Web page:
It was a cloudy day when we drove to Fontfroide Abbey in Narbonne, France. We didn’t mind, though, as the dark skies somehow seemed fitting for a place with such a rich history.
First mentions of the Abbey Fontfroide date back to its foundation by Benedictine monks in the 11th century. From then until now the Abbaye has survived the rise of the Cathars and several transformations. In 1908 painter and collector Gustave Fayet and his wife Madeleine purchase the Abbaye. Today, the Abbaye is still co-owned by his descendants, who look after his artistic legacy as well as the continuous restoration of the Abbaye.
Visiting Fontfroide Abbey
When visiting the Fontfroide Abbaye, you can choose to buy a ticket for the Abbey (including the rose garden), the terrace gardens or both. We did both and started our self-guided tour at the Abbey.
When doing the self-guided tour you get a ground plan of the Abbey with information on the different rooms and squares you’ll see. There are arrows spread throughout the domain to indicate which direction to follow and to make sure you don’t miss anything.
Want to come along?
The visit starts at the entrance court.
We move through the building of the lay brothers…
… to get to the beautiful Louis XIV court.
A hallway takes us further…
… and a little later we find ourselves in the cloister, which used to be both a place of passage and of contemplation. The monks would pass here on their way from prayer to have a meal or from having a meal to where they’d study. They would also walk around the cloister meditating or reading.
Next, we entered the church.
Often when visiting churches in Europe, we are amazed by all the grandeur, all the decoration, artworks, and – let’s face it – bling-bling. Not so in the church at Abbaye de Fontfroide. I appreciated the austerity of the Cistercians as the lack of, well, anything, created a peaceful atmosphere.
The only thing that really caught our attention here was the stained glass of the windows.
The cells of the monks, located on the first floor, overlooked a promenade which was also used to collect rainwater. The rainwater would be held in a tank buried in the cloister garden.
The dormitory of the lay brothers was interesting because of the stained glass windows made by artist René Billa, better known as Richard Burgsthal. The windows are like mosaics, put together with the debris of windows from churches all over northern and eastern France that were destroyed during the First World War.
Burgsthal also created stained glass windows for the church of the abbey.
The rose garden
The rose garden of the Abbaye de Fontfroide can be admired from April to September. It’s one of the largest rose gardens in the south of France, with around 2,500 roses. What’s special is that this rose garden was planted on top of the old cemetery of the monks and thus now covers their graves.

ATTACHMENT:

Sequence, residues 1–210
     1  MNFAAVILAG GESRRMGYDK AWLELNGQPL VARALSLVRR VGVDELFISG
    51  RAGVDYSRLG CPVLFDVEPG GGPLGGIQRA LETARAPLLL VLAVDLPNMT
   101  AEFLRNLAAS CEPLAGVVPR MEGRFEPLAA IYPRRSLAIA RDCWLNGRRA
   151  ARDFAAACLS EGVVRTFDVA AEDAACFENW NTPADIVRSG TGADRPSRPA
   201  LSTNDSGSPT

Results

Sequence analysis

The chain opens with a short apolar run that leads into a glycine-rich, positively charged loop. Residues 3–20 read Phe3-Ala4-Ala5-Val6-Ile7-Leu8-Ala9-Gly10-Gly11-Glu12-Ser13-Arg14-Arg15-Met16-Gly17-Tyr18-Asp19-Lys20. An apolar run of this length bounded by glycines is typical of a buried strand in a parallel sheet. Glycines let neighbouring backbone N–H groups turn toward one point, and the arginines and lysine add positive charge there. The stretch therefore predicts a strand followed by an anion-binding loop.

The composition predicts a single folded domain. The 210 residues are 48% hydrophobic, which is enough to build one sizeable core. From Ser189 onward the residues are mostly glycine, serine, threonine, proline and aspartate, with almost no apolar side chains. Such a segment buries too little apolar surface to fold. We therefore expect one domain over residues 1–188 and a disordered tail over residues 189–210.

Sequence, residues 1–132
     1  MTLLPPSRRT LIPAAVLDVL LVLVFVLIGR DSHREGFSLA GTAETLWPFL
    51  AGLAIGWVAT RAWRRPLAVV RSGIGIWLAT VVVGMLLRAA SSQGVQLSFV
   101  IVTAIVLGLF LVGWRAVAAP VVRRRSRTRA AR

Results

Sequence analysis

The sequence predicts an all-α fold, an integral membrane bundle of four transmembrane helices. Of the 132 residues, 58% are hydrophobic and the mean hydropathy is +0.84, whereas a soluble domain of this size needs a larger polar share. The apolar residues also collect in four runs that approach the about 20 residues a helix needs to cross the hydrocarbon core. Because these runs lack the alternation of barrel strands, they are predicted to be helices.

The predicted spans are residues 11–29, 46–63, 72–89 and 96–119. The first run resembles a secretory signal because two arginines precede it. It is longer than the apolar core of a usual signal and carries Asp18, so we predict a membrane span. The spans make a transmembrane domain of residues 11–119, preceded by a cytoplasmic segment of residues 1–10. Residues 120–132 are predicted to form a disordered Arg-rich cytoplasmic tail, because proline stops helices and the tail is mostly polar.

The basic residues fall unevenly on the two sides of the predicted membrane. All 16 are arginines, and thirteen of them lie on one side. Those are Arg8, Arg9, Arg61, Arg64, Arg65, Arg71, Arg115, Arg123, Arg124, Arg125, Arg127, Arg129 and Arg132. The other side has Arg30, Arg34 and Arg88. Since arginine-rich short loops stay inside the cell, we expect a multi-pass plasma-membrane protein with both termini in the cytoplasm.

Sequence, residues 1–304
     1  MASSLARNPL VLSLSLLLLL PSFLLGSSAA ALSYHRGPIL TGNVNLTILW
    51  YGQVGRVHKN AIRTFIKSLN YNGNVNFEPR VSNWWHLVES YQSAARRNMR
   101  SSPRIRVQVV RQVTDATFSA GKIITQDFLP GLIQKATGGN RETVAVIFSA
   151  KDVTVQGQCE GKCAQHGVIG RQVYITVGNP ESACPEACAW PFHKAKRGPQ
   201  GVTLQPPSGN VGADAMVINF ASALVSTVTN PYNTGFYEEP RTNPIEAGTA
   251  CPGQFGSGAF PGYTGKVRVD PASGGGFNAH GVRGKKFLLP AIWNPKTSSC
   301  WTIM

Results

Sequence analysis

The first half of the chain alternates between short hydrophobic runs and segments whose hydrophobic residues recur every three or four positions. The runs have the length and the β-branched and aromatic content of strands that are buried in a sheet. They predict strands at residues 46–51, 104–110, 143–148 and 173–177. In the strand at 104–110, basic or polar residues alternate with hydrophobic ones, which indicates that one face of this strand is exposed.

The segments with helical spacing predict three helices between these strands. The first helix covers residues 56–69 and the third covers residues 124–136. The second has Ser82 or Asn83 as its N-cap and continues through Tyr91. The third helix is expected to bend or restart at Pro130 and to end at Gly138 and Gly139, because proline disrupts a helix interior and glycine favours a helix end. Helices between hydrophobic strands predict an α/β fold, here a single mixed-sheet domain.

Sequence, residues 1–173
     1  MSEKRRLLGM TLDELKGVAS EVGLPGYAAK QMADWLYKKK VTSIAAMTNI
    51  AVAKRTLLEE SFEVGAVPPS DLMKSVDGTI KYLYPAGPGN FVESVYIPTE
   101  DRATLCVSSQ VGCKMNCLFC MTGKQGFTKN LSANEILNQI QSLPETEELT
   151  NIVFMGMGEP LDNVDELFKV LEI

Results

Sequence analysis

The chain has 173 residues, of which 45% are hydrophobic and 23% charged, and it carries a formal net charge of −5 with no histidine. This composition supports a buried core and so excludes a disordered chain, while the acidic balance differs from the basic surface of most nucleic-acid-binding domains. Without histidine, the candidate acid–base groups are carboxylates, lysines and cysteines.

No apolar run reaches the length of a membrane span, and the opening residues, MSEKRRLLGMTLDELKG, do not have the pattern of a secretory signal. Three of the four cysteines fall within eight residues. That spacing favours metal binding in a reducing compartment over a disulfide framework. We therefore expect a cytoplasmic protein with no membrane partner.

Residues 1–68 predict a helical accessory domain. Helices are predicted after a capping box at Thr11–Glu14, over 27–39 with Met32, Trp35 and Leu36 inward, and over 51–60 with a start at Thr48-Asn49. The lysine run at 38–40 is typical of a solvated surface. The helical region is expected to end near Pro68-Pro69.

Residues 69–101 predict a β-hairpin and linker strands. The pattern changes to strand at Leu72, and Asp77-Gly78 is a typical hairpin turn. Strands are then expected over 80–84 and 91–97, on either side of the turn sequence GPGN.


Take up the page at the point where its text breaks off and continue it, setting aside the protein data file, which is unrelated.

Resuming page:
The Abbaye de Fontfroide even has its own rose variety: the Rose of Fontfroide:
The rose garden concludes our visit to the abbey, but we still have the terraced gardens.
The terraced gardens were created in the late 16th century and maintained by the monks for centuries. When Gustave and Madeleine Fayet bought the abbey they took over that task, but after their deaths, interests in the gardens disappeared.
On top of that, a large fire in 1986 destroyed most of the terraces. Restoration started in 2007 and now the Abbaye de Fontfroide has its own garden team taking care of the trees, the plants, and the beehives.
Art at Abbaye Fontfroide
Artist Gustave Fayet was no hermit. He invited other artists to stay with him at the Abbaye de Fontfroide and some of them even left their traces.
We already mentioned Richard Burgsthal, who created the stained glass windows for the dormitory, but who was also a personal friend of Fayet.
Another friend of Fayet was Odilon Redon. This painter created two large works for Fayet, “Le Jour” and “La Nuit” that still decorate the abbey’s library.
Lastly, we have to mention Paul Gauguin. Gauguin was a close friend of Fayet and frequently stayed at the abbey to work there. Fayet supported Gauguin and owned many of his paintings.
Of course, you’ll also find works by Fayet himself at the Abbaye de Fontfroide. There’s a small museum on the domain which only opens upon request. Although it only consists of two rooms, I’m glad we’ve seen it and would recommend a visit if you’re going to the abbey.
Winter and summer
Not all parts of the Abbaye de Fontfroide are open all year through. As we went in summer, some of the rooms, like the library and dining hall were closed. These are open in winter when the rose garden is closed.
Why don’t they keep everything open all year round?
The domain of the Abbaye de Fontfroide is pretty big and it’s simply impossible for the people working there to keep an eye on everything all the time. They’ve also told me that there are many people from the region who visit several times a year, bringing friends and family. This way they always have something else to show them.
Address (gps):Latitude : N 43° 7′ 45.0336” – Longitude : E 2° 53′ 51.1038”
Opening times: the Fontfroide Abbey is open all year round, except on December 25 and January 1
Please visit the website for up to date information on prices and tours.
Where to stay in France
check Booking.com for an extensive list of options for all budgets and needs.
If you’d rather stay in an apartment,like we did, I recommend checking airbnb. Sign up through my link and get a discount on your first stay!
Pin for later
We received two complimentary tickets to visit the Abbaye de Fontfroide, but do you think I would have taken so many photos if I hadn’t genuinely liked it? That’s right. The links to Booking.com and TripAdvisor are affiliate links. If you book a stay through them, I earn a small commission at no extra cost to you. Thanks for supporting the site!